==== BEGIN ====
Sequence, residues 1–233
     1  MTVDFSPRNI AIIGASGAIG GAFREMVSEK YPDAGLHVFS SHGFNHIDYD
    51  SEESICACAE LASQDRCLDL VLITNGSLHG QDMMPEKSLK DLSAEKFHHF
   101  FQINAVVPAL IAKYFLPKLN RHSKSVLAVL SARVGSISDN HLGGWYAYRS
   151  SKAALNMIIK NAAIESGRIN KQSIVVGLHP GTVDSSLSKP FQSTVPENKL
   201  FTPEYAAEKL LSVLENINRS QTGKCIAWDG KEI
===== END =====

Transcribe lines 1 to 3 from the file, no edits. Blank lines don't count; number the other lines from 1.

Sequence, residues 1–233
     1  MTVDFSPRNI AIIGASGAIG GAFREMVSEK YPDAGLHVFS SHGFNHIDYD
    51  SEESICACAE LASQDRCLDL VLITNGSLHG QDMMPEKSLK DLSAEKFHHF